Well, I got in the mail today, my copy of Ostrov (The Island) (link is official movie site in Russian only; the IMDb link is here; and you can order it from Amazon here, but ensure that you are ordering the NTSC version). The movie is only in Russian, but the distributor included a very helpful guide to setting up the English subtitles (for dialogue only).
This movie is absolutely phenomenal. Our beloved deacon purchased a copy and a handful of the parish men saw it a bit more than a week ago. I’ve seen it a couple of times and will watch it again tonight, very likely. The cinematography and musical score are incredible. Everything is very very simple and austere, and yet incredibly beautiful.
It is a fictional tale, but is definitely built on the Orthodox tradition of the holy fool, on the life of repentance and prayer, on humility and suffering. I know nothing about the director or the lead actor (Pyotr Mamanov), let alone of the scriptwriter, but somehow this team captured quite well a truly Orthodox picture of life. (Disclaimer: I’ve only been Orthodox for a few months, so the evaluation is only as good as that.)
The beauty and goodness of the movie so captivates one that one is moved to centering one’s life around simple repentance and prayer. The movie starts with the main character praying the Jesus prayer, and cuts away as he lies face down in the frozen moss, continually reciting the prayer. The movie ends with his blessed and holy, and understated, death, and his fellow monks rowing his body to the very place where the movie starts–and the place where he faces the climactic battle against the devil.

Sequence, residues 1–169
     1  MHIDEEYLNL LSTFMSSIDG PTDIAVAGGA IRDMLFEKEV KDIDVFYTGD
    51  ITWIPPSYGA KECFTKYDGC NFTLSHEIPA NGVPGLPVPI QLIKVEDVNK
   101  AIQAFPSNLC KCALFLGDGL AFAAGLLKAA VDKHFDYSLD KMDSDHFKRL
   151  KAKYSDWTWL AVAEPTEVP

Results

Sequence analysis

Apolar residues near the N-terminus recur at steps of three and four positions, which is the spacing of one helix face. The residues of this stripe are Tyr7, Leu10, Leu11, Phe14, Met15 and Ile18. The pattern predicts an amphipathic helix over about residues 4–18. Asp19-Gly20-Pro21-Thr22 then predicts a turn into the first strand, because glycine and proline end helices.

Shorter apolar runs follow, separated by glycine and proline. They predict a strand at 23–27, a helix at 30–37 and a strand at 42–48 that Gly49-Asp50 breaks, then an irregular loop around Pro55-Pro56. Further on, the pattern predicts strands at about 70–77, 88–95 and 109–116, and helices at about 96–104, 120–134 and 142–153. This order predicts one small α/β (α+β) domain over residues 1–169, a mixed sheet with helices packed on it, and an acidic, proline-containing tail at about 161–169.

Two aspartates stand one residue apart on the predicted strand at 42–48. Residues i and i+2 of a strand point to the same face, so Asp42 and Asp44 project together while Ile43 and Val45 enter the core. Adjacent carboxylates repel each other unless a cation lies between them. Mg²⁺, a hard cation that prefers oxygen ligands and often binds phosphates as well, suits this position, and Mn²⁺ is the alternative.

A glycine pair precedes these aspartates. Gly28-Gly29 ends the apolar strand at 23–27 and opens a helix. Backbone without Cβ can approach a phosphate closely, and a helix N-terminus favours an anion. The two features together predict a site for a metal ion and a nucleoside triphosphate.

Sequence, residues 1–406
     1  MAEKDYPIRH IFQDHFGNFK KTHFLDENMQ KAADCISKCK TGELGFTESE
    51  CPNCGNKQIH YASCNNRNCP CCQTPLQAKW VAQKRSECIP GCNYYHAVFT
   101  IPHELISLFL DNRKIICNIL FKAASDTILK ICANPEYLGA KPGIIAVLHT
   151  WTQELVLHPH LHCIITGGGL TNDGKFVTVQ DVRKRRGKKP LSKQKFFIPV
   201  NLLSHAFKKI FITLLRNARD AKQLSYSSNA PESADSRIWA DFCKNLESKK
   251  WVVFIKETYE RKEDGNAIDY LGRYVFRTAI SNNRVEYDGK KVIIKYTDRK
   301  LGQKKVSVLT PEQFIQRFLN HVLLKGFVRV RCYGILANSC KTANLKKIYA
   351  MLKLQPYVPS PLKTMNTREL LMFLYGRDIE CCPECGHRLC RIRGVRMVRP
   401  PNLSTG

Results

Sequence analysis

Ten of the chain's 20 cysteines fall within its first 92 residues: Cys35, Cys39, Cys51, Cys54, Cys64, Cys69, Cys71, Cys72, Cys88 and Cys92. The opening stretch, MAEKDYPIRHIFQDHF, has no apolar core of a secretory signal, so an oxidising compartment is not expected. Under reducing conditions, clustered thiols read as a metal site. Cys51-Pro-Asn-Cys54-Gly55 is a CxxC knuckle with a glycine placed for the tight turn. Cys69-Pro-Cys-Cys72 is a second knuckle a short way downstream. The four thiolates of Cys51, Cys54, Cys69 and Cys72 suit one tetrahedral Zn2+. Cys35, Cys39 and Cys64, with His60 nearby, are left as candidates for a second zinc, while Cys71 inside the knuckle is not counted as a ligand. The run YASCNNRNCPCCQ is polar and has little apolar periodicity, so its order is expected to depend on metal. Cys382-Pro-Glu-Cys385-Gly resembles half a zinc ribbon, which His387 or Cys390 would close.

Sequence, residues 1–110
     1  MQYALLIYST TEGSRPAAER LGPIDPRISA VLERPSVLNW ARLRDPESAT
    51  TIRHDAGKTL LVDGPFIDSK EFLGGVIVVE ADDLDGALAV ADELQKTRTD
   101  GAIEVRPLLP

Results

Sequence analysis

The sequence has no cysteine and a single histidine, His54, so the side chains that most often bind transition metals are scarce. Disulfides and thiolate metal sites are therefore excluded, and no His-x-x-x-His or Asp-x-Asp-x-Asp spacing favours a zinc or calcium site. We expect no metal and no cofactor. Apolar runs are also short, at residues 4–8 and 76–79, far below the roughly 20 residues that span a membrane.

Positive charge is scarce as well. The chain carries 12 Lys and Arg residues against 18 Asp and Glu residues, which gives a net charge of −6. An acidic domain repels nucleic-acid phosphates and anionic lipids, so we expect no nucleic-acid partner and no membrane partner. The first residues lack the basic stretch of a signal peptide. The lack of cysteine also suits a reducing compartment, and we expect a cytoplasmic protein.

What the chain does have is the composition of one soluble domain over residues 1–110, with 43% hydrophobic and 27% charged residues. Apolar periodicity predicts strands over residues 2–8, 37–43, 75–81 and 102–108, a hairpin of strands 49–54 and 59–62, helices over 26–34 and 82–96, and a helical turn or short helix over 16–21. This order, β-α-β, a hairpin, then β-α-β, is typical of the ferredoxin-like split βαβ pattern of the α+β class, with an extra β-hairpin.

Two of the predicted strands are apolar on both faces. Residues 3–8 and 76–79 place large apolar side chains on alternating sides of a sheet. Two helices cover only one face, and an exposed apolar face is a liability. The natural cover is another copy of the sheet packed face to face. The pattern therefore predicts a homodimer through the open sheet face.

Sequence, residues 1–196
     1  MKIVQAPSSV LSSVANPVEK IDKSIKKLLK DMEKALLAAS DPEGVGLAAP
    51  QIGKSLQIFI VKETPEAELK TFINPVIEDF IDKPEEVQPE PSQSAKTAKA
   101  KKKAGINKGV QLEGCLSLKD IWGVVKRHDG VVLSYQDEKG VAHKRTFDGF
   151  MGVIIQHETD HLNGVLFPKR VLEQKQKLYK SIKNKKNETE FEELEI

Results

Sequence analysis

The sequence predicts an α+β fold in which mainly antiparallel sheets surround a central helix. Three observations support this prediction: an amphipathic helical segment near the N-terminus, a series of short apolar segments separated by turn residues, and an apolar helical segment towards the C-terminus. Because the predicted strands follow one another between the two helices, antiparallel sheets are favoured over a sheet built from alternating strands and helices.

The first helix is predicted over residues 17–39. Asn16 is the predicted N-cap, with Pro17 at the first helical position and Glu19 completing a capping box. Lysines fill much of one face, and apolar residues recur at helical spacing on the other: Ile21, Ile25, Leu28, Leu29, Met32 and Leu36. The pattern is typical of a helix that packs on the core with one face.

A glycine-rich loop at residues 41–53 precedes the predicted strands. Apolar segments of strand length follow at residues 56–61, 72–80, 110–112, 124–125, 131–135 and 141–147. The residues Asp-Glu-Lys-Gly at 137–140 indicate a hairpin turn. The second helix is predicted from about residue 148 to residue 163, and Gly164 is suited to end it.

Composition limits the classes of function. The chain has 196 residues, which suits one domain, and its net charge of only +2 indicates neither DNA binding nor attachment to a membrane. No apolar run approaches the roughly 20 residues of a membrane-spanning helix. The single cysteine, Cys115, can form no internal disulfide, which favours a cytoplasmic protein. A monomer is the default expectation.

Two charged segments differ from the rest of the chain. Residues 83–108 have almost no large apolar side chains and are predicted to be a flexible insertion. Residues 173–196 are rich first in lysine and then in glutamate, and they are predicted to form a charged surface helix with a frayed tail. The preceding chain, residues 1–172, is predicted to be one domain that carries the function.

As my blog readers know, I have wrestled so much with the move from head to heart–and still do; I’m so unstable. This movie has helped me immensely by providing fuel for my imagination. As a metaphor, it pictures for me that toward which I must strive: simple and humble holiness of life, infused and suffused with prayer and repentance.
I cannot highly enough recommend that everyone see this movie, and, if possible, acquire it for your own use.